Carm Huntress is CEO of RxRevu of Denver, CO.
Tell me about yourself and the company.
I started RxRevu about eight years ago. I have about 20 years of early-stage startup experience. RxRevu is my first endeavor into the healthcare or digital healthcare space.
The company has been focused mainly on drug cost transparency to providers for most of its history. It’s an exciting space and a lot is happening, both with our customers and even at a regulatory level.
What outcomes can result when a patient arrives at the pharmacy where their prescription was sent electronically and they’re told it will cost $200 instead of the $15 they expected?
When you look at the data, it’s pretty interesting. About one-third to two-thirds of prescription abandonment, depending on the studies that you look at, is due to cost. That’s only getting worse now with consumer-driven healthcare.
When you think about adherence, when you think about getting the patients on the medications and keeping them on the medications that are so important in terms of driving positive outcomes, cost is the biggest thing. A lot of the work we do is focused on preventing that sticker shock at the pharmacy, which leads to abandonment and the patient not taking their medication.
It’s harder to be a savvy consumer with electronic prescribing since you have to choose the pharmacy upfront without knowing the prescription’s cost, then extra work is required to send it to a different pharmacy that perhaps has a better deal. How does your system improve that situation?
We identify that as a major issue today. If the prescription is already gone to the pharmacy, the consumer really doesn’t have much choice. What we realized is there’s this point of shared decision-making at the point of care between the provider and the patient before the script is sent to the pharmacy. That’s a really important point as they are making that decision.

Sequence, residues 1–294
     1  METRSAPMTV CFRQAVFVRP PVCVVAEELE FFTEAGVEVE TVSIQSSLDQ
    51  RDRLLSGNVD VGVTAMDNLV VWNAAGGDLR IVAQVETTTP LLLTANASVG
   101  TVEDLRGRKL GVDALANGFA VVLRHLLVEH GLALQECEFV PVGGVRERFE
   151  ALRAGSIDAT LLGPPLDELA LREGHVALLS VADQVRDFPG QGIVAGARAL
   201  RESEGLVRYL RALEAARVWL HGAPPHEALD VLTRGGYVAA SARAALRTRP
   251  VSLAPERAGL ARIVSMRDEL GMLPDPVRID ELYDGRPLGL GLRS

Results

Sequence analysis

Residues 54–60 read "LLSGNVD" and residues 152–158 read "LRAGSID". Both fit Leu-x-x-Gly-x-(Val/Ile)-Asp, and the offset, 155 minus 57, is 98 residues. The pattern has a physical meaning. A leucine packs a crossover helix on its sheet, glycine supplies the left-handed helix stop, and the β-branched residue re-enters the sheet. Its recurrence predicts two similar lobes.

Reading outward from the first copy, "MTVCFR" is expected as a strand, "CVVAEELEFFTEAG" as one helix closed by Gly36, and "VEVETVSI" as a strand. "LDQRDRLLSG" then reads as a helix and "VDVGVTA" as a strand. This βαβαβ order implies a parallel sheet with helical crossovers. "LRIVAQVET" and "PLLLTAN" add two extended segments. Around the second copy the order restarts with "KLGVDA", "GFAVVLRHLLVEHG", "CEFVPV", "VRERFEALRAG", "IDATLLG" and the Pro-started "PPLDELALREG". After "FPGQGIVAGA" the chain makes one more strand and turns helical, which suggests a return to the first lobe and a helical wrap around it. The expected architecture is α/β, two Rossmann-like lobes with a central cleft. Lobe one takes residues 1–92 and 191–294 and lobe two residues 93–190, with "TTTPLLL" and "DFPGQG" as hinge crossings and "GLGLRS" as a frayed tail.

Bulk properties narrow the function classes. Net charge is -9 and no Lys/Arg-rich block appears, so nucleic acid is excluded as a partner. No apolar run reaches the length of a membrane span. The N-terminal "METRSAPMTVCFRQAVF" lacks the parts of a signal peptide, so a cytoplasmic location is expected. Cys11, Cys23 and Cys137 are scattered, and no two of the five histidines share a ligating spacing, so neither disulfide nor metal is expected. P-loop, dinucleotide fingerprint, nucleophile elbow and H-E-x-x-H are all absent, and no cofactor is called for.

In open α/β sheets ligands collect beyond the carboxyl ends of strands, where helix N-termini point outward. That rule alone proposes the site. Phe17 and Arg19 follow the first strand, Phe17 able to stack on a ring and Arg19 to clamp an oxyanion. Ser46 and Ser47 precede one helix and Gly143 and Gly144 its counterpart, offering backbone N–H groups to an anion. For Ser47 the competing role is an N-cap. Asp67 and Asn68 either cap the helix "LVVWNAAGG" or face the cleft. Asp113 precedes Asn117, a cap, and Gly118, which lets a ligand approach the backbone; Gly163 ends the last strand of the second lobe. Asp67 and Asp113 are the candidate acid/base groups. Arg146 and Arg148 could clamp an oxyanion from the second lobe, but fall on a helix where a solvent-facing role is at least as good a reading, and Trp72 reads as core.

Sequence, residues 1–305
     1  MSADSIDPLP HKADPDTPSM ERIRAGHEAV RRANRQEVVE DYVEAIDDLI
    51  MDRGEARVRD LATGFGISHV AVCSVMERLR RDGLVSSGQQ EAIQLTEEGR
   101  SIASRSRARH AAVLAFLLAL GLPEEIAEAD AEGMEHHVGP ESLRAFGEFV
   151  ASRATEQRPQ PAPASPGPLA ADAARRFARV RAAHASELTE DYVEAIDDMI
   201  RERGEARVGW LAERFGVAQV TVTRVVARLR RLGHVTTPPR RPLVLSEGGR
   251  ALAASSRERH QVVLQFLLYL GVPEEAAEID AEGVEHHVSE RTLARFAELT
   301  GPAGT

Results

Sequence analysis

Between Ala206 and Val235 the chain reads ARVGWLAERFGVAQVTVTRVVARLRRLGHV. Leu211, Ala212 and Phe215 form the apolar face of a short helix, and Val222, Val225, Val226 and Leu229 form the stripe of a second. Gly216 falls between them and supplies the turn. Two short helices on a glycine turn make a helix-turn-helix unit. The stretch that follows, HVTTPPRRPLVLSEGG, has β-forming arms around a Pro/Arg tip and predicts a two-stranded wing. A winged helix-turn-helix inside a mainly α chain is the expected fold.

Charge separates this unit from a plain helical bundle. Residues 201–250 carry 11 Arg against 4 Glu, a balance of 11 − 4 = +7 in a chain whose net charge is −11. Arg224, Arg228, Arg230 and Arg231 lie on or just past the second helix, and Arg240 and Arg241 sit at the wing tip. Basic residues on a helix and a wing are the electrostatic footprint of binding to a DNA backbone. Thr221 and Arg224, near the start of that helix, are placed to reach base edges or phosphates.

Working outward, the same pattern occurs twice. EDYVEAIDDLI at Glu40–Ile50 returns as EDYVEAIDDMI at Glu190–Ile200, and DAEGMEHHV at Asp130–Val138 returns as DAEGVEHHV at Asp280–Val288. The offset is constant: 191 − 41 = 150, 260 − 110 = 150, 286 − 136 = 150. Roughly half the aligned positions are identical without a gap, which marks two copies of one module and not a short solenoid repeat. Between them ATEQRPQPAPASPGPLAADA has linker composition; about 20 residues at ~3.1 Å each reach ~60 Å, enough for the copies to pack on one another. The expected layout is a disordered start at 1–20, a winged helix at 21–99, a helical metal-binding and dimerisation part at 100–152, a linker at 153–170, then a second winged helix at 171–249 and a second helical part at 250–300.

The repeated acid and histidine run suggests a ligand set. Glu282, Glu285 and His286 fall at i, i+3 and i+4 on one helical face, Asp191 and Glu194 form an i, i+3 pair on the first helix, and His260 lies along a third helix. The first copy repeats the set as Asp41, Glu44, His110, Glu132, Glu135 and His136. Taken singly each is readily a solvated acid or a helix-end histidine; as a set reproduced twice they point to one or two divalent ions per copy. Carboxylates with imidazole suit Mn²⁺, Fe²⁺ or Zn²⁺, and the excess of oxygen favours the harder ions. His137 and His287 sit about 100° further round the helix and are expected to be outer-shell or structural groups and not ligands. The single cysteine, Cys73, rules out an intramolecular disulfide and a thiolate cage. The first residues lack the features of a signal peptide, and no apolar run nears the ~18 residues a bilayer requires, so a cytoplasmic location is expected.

RxRevu works directly with the payers, pharmacy benefit managers, and insurance companies to bring real-time cost transparency to that point of prescription, that point of shared decision-making between the provider and the patient. As the provider is prescribing, we’ll show the cost of that drug at the preferred pharmacy of the patient. We will show lower-cost therapeutic alternatives.
We will also show drugs that have less administrative overhead, both for the provider and the patient, in terms of time to therapy, such as a drug that requires prior authorization that will take time, but there’s a preferred therapy from the patient’s insurance company or PBM that does not require a prior auth. The provider can simply select that and route the prescription to the patient’s pharmacy.
The last thing we do is show alternative pharmacies. Maybe it’s mail order, or there’s a better opportunity for the patient to save money just by going to a different pharmacy in their network. We will show that as well.
Our goal is to bring that individual patient cost transparency around their drugs to the provider at the point of care, so both the provider and the patient can make the most informed prescription decision.
Does it benefit the prescriber as well since they can not only prescribe the most cost-effective therapy, but also avoid the extra work of issuing a second prescription or sending the original one to a different pharmacy at the patient’s request?
We are, so far, one of the rare tool that providers really like. Out of all the surveying we do, we get very high marks on, “This is really valuable information that I’ve been looking for.” There’s been a lot of distrust, when this information was static and not real time, and now we can provide it real time on a patient individual basis. The number one reason coming back from providers is that while it takes maybe a few more seconds to look at the cost information and make a better-informed decision, reducing the headache of pharmacy callbacks and patient friction in getting them on therapy and keep them on therapy is a huge benefit to providers.